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Clinton, Trump lead in Illinois: SIU's Paul Simon Institute poll

WASHINGTON — Donald Trump and Hillary Clinton lead in Illinois, according to a poll by the Paul Simon Public Policy Institute at Southern Illinois University Carbondale.

While Democrat Clinton has 51 percent to Bernie Sanders’ 32 percent, on the GOP side, Trump only holds a plurality, at 28 percent, with basically a three-way tie between Ted Cruz, Marco Rubio and John Kasich.

Trump and Kasich are tied in Chicago.

David Yepsen, director of the Institute, said “while this is good news for Trump, the poll also illustrates a problem for him: There are 72 percent of Illinois Republicans who are for someone else or are undecided. If the non-Trump vote rallies around a single candidate, Trump could be upended.”

Sanders does best with voters under 35, with 64 percent, to 27 percent for Clinton. Clinton does best with voters over 66, with 54 percent, to 21 percent to Sanders. The Illinois finding mirrors national trends. Clinton is ahead of Sanders with female and non-white voters.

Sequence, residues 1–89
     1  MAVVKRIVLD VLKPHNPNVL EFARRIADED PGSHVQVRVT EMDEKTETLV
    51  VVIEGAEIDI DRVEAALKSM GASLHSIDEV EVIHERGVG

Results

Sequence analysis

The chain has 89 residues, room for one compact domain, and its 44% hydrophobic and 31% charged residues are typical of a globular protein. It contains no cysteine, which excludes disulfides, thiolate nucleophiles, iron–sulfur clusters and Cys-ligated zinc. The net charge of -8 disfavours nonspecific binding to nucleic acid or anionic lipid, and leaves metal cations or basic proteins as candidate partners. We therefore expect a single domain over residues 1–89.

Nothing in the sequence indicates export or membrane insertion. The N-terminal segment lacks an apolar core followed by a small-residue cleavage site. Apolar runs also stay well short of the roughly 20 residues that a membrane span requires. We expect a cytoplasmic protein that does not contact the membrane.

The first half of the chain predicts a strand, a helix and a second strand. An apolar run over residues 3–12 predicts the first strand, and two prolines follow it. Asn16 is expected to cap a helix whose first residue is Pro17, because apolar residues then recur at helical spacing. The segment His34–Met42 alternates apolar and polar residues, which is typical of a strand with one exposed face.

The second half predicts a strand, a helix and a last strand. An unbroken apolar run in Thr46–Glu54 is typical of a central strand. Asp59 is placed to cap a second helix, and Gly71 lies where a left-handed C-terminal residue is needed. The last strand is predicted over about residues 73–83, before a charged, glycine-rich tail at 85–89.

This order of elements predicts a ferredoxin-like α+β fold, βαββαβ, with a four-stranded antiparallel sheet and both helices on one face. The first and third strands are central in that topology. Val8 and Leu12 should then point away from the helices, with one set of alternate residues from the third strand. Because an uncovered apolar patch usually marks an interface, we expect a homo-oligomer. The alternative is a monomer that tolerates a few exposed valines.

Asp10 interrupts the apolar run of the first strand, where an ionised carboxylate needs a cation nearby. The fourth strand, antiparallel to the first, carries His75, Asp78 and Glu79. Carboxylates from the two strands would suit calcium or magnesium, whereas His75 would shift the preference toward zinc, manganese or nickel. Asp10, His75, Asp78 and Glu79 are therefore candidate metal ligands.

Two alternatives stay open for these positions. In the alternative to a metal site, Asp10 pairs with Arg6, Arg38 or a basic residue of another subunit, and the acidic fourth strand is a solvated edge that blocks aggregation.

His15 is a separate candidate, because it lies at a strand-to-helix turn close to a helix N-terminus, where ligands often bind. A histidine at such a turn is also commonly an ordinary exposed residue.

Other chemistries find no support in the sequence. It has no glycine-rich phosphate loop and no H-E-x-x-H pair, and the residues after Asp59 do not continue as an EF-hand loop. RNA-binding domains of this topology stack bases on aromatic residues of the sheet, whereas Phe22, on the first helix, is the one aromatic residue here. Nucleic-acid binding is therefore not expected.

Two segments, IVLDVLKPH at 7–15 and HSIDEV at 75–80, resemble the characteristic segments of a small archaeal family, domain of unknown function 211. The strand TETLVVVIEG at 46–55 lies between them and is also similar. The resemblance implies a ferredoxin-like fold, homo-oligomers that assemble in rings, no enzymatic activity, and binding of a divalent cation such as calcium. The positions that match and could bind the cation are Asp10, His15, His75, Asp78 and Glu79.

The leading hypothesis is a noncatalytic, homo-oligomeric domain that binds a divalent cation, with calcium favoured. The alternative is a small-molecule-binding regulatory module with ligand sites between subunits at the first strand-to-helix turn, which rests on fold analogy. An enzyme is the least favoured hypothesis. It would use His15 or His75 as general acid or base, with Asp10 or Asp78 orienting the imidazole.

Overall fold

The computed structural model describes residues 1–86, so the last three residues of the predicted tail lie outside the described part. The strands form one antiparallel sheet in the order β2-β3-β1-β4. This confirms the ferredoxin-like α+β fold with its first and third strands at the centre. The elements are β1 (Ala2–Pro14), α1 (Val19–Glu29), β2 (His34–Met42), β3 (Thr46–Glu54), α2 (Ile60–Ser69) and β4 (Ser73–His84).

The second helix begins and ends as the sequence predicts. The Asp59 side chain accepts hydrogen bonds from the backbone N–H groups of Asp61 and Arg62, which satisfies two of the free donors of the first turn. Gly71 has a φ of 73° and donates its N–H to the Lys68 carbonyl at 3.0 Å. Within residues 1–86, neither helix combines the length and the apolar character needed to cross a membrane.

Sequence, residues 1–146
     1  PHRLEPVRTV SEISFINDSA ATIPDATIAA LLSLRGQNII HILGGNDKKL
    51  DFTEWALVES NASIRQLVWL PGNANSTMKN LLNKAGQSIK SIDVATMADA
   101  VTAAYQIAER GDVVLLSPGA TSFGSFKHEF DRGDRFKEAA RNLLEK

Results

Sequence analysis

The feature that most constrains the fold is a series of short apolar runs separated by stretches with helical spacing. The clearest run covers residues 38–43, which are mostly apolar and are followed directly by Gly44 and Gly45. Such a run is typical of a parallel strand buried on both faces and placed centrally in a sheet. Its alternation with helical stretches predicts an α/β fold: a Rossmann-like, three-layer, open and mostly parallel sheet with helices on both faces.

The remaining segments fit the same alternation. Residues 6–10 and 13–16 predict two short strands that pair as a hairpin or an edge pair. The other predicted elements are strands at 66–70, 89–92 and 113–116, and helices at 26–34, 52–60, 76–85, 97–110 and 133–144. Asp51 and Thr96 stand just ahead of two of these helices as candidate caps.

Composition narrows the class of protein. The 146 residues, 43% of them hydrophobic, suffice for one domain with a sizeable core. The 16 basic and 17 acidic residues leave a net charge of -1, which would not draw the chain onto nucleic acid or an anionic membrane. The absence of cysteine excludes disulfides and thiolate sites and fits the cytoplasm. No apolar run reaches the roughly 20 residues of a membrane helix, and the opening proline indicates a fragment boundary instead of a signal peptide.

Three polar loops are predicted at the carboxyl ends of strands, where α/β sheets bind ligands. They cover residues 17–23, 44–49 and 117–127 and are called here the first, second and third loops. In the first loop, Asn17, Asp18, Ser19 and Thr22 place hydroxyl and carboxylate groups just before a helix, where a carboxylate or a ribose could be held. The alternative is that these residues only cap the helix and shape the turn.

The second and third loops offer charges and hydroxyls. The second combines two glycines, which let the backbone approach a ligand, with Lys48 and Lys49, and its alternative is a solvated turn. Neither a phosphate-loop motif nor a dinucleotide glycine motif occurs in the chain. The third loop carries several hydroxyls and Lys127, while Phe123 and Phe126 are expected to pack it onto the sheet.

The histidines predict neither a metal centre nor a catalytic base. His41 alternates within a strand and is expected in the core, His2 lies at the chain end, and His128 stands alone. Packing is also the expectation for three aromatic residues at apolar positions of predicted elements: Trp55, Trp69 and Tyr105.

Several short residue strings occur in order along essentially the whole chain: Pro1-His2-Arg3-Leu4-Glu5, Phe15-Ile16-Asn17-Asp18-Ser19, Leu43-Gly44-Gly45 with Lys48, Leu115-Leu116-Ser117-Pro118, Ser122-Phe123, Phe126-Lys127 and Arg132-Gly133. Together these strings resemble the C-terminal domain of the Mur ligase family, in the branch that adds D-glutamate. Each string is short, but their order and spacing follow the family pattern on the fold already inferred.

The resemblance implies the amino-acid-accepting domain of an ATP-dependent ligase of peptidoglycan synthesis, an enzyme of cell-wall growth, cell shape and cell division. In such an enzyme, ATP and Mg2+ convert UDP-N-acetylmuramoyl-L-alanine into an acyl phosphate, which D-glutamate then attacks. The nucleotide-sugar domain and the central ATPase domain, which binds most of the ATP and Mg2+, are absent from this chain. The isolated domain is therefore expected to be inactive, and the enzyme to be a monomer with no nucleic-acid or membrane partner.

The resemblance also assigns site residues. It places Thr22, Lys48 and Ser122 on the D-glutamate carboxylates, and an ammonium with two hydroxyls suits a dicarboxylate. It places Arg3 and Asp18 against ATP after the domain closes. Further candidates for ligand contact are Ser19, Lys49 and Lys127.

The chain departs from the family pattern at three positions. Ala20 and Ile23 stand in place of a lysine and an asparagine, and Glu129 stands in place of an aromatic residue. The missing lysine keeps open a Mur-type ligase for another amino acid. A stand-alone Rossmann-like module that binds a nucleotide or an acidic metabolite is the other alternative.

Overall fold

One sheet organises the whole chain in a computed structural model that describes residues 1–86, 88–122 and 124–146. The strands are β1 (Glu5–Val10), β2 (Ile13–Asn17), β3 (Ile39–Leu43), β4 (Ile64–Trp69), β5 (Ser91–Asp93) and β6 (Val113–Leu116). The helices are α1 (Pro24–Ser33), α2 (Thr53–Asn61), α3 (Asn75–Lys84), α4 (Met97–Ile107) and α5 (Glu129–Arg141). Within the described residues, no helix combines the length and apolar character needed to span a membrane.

Here is a snapshot as Illinois heads towards the March 15 primary and with early voting already started. The survey was taken before Jeb Bush dropped out last Sunday and before the GOP South Carolina primary and the Democratic Nevada caucus last Saturday.

DEMOCRATS

51% Hillary Clinton

32% Bernie Sanders

16% Undecided

BY AREA

CLINTON

55% Chicago

53% Chicago Suburbs

44% Downstate

SANDERS

32% Chicago

31% Chicago Suburbs

36% Downstate

REPUBLICANS

28% Donald Trump

15% Ted Cruz

14% Marco Rubio

13% John Kasich

8% Jeb Bush

6% Ben Carson

15% Undecided

BY AREA

TRUMP

28% Chicago

28% Chicago Suburbs

27% Downstate

CRUZ

17% Chicago

12% Chicago suburbs

17% Downstate

RUBIO

11% Chicago

18% Chicago Suburbs

10% Downstate

KASICH

28% Chicago

13% Chicago suburbs

10% Downstate

HOW THE POLL WAS CONDUCTED: “The sample of 306 Republicans was part of a statewide poll of 1,000 registered voters conducted Feb.15 to 20. The GOP voter sample has a margin of error of 5.6 percent.

“The sample of 422 Democratic primary voters was also from the Feb. 15-20 statewide poll. The Democratic results have a margin of error of 4.7 percent.”